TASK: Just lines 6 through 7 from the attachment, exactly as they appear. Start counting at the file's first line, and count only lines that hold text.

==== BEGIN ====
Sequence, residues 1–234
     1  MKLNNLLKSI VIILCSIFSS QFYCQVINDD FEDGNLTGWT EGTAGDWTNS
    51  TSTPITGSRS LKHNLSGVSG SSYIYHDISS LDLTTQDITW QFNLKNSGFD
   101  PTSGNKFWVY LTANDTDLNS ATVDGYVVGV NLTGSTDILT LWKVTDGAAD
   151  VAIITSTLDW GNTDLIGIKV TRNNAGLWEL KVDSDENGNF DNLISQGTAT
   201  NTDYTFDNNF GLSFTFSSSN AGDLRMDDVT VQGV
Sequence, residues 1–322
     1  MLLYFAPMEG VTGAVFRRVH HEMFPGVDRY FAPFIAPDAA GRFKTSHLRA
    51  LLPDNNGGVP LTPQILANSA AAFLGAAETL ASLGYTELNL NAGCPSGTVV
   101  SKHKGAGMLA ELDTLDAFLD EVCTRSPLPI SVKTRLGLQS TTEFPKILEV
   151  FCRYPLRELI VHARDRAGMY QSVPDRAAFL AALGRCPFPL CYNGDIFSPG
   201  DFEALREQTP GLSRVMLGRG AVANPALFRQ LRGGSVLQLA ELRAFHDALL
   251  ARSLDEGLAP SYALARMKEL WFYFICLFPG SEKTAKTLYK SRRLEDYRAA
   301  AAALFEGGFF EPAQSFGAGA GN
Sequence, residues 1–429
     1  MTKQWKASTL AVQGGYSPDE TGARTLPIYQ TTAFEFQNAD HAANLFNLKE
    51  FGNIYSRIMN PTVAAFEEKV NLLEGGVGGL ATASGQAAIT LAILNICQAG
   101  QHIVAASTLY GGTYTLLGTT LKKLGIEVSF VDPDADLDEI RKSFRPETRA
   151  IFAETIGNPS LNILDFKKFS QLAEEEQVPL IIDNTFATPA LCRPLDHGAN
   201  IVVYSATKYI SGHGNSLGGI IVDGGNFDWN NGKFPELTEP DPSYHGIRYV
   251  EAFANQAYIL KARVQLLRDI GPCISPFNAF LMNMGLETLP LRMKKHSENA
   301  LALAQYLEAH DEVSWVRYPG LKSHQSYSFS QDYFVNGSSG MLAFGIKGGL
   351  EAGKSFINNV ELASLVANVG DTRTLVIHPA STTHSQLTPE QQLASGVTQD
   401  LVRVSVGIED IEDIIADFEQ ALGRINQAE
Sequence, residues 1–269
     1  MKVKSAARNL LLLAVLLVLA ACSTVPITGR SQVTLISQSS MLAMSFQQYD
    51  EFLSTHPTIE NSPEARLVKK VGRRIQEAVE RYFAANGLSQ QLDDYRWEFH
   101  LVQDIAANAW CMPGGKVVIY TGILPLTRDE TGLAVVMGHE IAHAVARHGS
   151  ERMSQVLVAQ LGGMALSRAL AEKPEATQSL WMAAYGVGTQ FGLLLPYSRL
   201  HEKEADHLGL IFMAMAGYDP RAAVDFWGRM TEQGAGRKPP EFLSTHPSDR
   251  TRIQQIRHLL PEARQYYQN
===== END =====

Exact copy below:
   201  NTDYTFDNNF GLSFTFSSSN AGDLRMDDVT VQGV
Sequence, residues 1–322